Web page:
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Thousands of crab pots are lost in Puget Sound each year. They’re dedicated to finding them.

Abandoned crab pots pose threat to marine life

Thousands of crab pots litter the ocean floor along the Washington and Oregon coastline, killing marine life and disrupting navigation. About 640,000 tons of fishing gear is lost or discarded each year in oceans worldwide.
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Thousands of crab pots litter the ocean floor along the Washington and Oregon coastline, killing marine life and disrupting navigation. About 640,000 tons of fishing gear is lost or discarded each year in oceans worldwide.

Just north of Saddlebag Island in Padilla Bay, diver Crayton Fenn disappeared into the water at the stern of a boat Monday morning, returning moments later with crab pots in hand.

Fenn, of Fenn Enterprises, was part of a team that this week departed several times from Cap Sante Marina in Anacortes to areas in Skagit County in search of derelict crab pots.

The team also included representatives of Natural Resources Consultants and the Northwest Straits Foundation.

On Tuesday, the team wrapped up the 15th year of the Northwest Straits Foundation’s derelict crab pot removal program.

Northwest Straits operates the program because derelict – meaning lost or abandoned – crab pots can catch and kill valuable Dungeness crabs and other marine wildlife.

The program targets areas such as those north of Saddlebag Island where lost crab pots are concentrated due to the location’s popularity among crabbers, water movement and changes in water depth, Northwest Straits Foundation Marine Projects Manager Jason Morgan said.

Identifying such areas provides the team the opportunity to remove dozens of crab pots in a day. On Monday, divers retrieved 14 crab pots near Saddlebag Island in about an hour.

Morgan said before enlisting the help of a dive team, Northwest Straits uses a type of sonar to confirm the presence of crab pots.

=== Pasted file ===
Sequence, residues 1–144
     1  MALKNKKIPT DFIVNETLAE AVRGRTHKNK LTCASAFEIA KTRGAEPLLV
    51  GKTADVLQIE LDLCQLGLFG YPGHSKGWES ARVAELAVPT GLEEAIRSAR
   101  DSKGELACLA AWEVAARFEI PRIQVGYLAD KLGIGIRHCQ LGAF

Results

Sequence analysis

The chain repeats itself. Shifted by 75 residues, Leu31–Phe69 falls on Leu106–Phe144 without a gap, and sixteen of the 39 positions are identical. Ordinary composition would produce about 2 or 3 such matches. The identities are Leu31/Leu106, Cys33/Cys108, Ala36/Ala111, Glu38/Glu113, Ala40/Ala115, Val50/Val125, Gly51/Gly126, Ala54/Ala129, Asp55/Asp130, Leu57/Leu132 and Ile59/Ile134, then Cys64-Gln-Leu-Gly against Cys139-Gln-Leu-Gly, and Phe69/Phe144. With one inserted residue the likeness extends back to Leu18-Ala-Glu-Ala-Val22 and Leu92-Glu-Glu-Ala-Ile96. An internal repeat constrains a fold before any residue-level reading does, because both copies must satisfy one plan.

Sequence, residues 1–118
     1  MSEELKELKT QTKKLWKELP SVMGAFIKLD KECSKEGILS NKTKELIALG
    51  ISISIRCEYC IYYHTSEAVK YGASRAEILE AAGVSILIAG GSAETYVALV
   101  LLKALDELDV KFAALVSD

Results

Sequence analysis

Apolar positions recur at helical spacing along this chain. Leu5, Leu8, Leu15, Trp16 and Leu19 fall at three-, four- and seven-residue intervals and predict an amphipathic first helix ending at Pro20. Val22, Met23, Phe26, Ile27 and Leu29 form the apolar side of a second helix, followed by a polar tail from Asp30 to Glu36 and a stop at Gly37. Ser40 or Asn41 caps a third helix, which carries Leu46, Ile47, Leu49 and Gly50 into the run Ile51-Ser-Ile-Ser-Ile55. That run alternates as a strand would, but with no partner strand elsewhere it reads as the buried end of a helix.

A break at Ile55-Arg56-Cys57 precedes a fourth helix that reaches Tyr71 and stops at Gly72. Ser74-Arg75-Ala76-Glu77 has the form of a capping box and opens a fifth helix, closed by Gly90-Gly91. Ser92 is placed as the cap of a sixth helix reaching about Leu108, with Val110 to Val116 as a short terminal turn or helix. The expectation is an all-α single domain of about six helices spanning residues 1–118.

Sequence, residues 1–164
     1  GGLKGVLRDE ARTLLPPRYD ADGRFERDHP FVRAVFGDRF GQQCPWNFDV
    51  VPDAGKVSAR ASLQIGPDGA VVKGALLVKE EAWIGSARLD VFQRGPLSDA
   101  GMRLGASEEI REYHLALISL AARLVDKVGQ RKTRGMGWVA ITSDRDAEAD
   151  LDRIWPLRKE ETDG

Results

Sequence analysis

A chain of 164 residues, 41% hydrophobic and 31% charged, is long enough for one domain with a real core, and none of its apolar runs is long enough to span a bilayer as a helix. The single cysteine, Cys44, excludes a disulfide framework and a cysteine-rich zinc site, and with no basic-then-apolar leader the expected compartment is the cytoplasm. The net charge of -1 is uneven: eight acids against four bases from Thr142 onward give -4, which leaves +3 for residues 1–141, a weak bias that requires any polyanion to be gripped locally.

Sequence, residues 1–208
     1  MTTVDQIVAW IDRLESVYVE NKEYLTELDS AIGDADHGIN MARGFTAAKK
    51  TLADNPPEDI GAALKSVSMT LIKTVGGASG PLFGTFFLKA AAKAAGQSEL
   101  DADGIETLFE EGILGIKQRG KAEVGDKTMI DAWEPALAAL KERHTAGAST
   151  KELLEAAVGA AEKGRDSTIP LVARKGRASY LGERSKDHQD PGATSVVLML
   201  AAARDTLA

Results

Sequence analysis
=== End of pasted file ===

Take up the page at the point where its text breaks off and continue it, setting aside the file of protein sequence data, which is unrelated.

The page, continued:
High concentrations of crab pots in Skagit County have been identified in Similk Bay, east of Fidalgo Island, south and east of Guemes Island, and south and west of Samish Island, Morgan said.

Sonar surveys in early May revealed 614 derelict crab pots within a 3-square-mile area, and dives to recover them began May 15. By the time this year’s efforts wrapped up Tuesday, 486 derelict crab pots had been removed from waters in Skagit County.

Since first recovering derelict crab pots in 2003, the Northwest Straits program has removed about 5,400 of them from the region’s marine waters. About 1,200 of those were recovered from sites in Skagit County.

In those pots from throughout the region Northwest Straits has documented about 1,100 dead crabs including Dungeness and red rock, as well as other wildlife, Morgan said.

Thousands of crab pots are lost in Puget Sound each year.

Studies have estimated that lost crab pots could be catching and killing enough crabs – an act called ghost fishing, when the wildlife is not recovered and used – to be worth a loss of hundreds of thousands of dollars.

The state Department of Fish & Wildlife and the state Department of Ecology provide funding for the Northwest Straits Foundation’s crab pot removal efforts.

The crab pot recovery effort is part of the Northwest Straits Foundation’s larger Derelict Fishing Gear Removal project.

Northwest Straits has been working for years on that project to find and retrieve lost fishing nets that often ensnare wildlife.

About 5,800 nets have now been recovered, with about 480,000 fish, birds and mammals – some dead and some alive – stuck in them.

In addition to recovering derelict crab pots and fishing nets each year, Northwest Straits also runs the Catch More Crab campaign in partnership with the Skagit Marine Resources Committee during the summer crabbing season to raise awareness of the issues.

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